Hamida Hassan ’20 is a Somalian refugee. She was born in a camp in Kenya after civil war forced her family to flee their homeland. That troubled beginning is only a dot on the timeline of Hassan’s life, but it is one that has shaped her past and present and future.
Hassan is a social work major in the accelerated master’s program with a double major in women’s studies and minors in Spanish and social justice leadership. Fluent in the Somali language Maay Maay, she is also teaching herself Hindi and wants to learn Arabic. A McNair Scholar whose research project was on disproportional discipline rates of African American female students compared to Caucasian female students in the public-school system, Hassan is involved with CONNECT, which helps first-generation, low-income and multicultural students transition from high school to college, and the Black Student Union. She also studied abroad in Seville, Spain.
All of this came after — or maybe because — she convinced her parents to let her go to college.
“It was difficult. In the Somalian society, women aren’t encouraged to get an education,” Hassan says. “There are certain standards in the culture, and attending college isn’t one of them. Women usually get married and stay home with the children. It is uncommon even today to find Somalian women who go to college.”
The Hassans came to the U.S. in 2004, living on both the East and West Coast before settling in Manchester, New Hampshire. Hassan is one of 10 children. Her mother is, and always has been, a stay-at-home mom.
Before Hassan decided she wanted to be a social worker, she had thought about becoming a nurse or a doctor, the career choices she says most immigrant parents want their children to follow. She views social work and women’s studies as way to achieve a similar level of success.
"In the Somalian society, women aren’t encouraged to get an education."
“I’m trying to please my parents. I know the kind of struggles they have gone through just for me to be able to go to school, and I want to be able to give back to them,” Hassan says. “But it’s not like I’m trying to live their dreams; this is what I want to do.”
A yearlong internship with Lamprey Health Care in Raymond, New Hampshire, reinforced that belief. Hassan sees herself eventually working with refugees and people of color, perhaps one-on-one or in a community setting. Before then, she would like to be in a hospital environment, which would have her providing a different degree of care. She also recognizes the benefit of having social workers involved in policy making.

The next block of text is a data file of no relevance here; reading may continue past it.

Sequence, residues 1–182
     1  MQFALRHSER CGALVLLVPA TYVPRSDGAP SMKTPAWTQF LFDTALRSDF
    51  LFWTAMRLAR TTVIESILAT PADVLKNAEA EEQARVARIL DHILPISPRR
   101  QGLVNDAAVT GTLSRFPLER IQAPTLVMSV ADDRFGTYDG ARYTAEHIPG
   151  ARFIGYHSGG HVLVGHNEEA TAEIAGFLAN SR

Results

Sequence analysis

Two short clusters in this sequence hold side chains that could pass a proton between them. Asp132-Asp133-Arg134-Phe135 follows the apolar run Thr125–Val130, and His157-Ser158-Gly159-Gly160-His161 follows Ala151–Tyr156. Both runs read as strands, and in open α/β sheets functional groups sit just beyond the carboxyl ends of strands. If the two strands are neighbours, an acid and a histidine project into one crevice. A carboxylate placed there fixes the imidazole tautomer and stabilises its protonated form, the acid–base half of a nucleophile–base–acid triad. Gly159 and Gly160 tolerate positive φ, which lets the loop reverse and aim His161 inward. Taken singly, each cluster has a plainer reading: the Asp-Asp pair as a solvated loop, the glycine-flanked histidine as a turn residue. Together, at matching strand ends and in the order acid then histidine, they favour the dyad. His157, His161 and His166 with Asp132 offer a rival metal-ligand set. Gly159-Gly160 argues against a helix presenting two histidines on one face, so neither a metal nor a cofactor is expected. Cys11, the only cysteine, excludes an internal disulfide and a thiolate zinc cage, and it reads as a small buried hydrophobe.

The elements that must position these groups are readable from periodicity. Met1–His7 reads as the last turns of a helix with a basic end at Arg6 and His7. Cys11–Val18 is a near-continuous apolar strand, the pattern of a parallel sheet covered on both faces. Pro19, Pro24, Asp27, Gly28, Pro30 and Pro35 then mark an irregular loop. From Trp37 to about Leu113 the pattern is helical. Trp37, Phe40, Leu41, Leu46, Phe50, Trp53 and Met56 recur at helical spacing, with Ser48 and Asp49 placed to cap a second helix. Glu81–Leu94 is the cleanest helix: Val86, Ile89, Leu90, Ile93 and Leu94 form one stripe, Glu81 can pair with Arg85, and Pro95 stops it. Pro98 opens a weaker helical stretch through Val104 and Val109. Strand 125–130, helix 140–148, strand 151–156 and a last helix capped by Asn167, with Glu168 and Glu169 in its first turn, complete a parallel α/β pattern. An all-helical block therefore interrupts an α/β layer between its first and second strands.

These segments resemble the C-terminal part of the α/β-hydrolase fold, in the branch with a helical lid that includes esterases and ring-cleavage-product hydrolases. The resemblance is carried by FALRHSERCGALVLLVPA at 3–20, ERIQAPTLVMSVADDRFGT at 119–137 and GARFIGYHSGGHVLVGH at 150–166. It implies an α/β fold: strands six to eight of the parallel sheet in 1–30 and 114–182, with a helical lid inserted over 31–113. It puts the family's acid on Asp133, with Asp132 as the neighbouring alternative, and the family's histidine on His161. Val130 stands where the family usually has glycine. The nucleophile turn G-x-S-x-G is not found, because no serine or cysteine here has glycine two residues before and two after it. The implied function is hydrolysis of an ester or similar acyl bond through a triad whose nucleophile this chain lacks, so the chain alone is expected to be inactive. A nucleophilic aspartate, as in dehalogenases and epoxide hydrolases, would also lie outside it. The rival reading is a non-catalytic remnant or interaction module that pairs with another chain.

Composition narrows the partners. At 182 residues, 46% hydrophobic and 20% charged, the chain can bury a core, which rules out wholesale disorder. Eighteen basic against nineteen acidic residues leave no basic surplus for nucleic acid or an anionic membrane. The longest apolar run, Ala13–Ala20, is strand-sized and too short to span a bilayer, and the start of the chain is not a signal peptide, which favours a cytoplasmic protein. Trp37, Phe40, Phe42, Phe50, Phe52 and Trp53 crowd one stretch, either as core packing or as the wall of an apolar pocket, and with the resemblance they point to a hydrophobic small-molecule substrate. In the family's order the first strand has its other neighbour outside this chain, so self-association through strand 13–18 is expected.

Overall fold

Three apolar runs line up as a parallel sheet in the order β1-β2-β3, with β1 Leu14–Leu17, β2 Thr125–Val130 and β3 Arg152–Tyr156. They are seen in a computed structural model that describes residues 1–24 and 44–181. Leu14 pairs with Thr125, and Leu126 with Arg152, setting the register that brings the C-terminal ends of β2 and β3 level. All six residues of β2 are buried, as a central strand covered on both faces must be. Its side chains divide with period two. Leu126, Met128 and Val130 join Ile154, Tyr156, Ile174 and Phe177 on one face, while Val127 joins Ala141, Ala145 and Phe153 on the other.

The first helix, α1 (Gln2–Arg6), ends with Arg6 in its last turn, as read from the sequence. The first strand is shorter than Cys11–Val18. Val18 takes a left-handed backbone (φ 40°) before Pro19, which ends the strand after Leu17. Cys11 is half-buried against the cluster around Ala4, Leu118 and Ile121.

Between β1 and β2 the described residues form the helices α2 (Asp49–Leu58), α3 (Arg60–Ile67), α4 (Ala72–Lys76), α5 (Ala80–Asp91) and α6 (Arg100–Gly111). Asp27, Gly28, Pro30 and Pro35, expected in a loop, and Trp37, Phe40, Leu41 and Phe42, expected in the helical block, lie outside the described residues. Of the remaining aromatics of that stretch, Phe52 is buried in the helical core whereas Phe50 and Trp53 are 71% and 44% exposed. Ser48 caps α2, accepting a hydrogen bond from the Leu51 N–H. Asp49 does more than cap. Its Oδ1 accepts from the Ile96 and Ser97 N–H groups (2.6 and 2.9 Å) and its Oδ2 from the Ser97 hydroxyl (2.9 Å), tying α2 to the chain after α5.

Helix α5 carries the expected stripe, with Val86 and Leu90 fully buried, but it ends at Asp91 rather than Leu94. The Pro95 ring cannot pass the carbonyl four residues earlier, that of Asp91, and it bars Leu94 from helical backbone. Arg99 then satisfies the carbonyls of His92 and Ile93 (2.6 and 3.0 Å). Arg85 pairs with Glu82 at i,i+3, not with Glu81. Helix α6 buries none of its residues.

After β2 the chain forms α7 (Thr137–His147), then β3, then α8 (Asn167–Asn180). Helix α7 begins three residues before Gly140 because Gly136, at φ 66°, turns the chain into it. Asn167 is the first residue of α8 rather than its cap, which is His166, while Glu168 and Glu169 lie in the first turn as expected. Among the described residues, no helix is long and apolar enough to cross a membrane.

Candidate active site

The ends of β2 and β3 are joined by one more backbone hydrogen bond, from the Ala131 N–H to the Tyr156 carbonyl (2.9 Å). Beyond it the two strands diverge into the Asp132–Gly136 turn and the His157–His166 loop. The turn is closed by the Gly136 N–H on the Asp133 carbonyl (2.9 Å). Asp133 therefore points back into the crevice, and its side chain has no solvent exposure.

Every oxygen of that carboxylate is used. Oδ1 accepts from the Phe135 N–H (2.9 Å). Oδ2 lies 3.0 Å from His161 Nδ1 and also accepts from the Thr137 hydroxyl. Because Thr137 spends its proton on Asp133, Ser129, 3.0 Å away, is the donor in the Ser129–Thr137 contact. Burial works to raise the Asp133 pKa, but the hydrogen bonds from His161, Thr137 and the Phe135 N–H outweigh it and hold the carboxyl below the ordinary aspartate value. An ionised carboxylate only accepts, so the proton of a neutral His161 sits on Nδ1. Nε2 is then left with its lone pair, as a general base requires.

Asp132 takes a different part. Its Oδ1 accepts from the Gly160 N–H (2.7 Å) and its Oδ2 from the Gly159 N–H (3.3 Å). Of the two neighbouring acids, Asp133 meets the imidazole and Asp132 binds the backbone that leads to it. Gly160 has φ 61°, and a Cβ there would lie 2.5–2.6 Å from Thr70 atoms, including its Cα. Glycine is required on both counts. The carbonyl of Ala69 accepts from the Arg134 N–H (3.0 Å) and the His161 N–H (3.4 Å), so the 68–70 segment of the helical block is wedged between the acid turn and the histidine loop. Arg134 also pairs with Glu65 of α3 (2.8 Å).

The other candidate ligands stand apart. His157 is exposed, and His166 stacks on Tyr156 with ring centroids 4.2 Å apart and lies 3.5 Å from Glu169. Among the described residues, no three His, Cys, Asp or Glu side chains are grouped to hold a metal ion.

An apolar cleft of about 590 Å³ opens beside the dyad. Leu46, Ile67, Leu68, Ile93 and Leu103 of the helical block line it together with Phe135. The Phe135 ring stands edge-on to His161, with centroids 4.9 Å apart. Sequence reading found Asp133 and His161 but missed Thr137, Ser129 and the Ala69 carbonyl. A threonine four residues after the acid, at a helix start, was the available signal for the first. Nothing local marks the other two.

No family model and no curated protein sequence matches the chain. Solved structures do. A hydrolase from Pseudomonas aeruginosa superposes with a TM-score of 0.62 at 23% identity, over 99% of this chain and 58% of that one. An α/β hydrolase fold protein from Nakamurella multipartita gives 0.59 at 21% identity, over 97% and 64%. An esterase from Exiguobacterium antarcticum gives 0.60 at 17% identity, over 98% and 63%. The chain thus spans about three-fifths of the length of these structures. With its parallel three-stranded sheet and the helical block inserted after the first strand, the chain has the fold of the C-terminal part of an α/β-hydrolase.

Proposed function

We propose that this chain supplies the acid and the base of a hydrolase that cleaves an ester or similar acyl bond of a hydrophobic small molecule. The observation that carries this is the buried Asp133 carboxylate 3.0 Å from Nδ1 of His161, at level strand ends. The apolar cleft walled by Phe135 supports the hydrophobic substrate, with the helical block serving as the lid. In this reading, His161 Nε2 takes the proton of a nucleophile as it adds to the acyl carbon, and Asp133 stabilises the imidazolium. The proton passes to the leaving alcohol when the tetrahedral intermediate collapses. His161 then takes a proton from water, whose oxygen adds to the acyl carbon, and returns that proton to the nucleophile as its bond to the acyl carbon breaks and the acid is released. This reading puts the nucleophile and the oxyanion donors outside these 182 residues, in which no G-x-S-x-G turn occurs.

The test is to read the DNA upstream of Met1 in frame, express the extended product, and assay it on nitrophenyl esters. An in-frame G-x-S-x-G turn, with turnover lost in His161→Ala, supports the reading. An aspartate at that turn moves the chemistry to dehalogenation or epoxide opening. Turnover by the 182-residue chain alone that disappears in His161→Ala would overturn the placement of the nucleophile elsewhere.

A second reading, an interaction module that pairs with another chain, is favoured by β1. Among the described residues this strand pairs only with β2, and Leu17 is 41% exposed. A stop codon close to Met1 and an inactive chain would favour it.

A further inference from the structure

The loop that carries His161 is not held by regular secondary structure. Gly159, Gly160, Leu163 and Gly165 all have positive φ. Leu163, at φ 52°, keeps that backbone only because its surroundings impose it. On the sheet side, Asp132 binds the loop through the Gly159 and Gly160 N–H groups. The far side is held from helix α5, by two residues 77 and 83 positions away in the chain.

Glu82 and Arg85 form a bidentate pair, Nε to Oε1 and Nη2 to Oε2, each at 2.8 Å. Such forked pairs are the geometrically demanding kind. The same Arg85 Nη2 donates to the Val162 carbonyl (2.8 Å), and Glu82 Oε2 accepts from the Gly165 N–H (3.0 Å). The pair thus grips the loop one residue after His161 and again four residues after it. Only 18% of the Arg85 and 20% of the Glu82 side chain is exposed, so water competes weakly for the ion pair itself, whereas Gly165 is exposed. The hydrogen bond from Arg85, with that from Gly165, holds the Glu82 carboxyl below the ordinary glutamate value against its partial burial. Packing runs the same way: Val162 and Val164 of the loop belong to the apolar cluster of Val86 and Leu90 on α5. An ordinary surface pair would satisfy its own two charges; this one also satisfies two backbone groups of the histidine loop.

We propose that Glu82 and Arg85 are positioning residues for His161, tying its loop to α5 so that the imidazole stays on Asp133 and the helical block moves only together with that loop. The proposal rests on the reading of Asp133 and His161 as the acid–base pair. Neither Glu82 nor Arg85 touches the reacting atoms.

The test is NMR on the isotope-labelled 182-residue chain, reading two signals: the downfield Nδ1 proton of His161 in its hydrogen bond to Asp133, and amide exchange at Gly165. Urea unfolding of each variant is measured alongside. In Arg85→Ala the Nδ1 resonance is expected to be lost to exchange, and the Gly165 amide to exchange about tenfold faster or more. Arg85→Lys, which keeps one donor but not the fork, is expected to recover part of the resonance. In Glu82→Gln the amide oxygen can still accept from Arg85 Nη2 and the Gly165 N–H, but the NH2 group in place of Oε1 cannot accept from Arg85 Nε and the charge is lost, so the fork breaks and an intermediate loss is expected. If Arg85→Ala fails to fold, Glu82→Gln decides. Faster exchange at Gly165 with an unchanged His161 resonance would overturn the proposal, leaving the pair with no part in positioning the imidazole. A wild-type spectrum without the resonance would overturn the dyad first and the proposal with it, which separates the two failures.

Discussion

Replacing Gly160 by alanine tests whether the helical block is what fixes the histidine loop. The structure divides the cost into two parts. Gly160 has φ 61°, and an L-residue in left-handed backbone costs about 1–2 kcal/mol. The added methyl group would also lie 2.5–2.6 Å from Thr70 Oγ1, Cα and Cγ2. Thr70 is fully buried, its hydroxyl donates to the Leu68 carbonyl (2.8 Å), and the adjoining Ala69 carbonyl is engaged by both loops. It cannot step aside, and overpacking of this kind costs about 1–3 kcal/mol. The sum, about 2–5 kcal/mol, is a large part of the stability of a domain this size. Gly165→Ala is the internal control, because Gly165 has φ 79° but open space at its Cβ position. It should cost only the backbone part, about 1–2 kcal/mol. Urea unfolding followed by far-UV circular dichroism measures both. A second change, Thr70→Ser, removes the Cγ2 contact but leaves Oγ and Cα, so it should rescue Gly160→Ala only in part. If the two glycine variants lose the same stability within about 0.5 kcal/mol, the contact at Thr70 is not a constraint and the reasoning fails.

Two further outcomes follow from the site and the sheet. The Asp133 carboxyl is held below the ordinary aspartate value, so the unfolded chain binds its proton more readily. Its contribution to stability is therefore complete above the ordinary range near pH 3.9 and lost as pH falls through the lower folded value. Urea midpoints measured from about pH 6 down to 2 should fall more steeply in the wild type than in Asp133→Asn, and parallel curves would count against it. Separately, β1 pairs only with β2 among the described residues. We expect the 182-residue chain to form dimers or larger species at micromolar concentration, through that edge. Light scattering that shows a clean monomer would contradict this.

“It’s hard to pinpoint my future path,” Hassan says. “There will always be a higher need in social work. I think that’s one of the reasons I’m drawn to it; I see how much there is to do and how many ways there are to help people.”
That vision may be the reason social work professor Vernon Carter, who served as her mentor for her McNair research project, was convinced she would be accepted into UNH’s master's of social work program.
"He has always seen something in me that I haven’t seen in myself. We have similar stories, so we always have something to talk about,” Hassan says. “When I told him I’d gotten into grad school, he said he never doubted that I would.”
Carter is not the only one to believe in Hassan. There have been others right from the start, and then, along the way.
“It took almost a village to convince my parents to let me come here. So many people advocated for me — my brother-in-law (who is working towards a master’s degree), my ELL (English language learners) teacher from middle school, the people at My Turn (a New Hampshire nonprofit that helps disadvantaged youth further their education),” Hassan says. “If it weren’t for all of them, I don’t know that I would be on a college campus today.”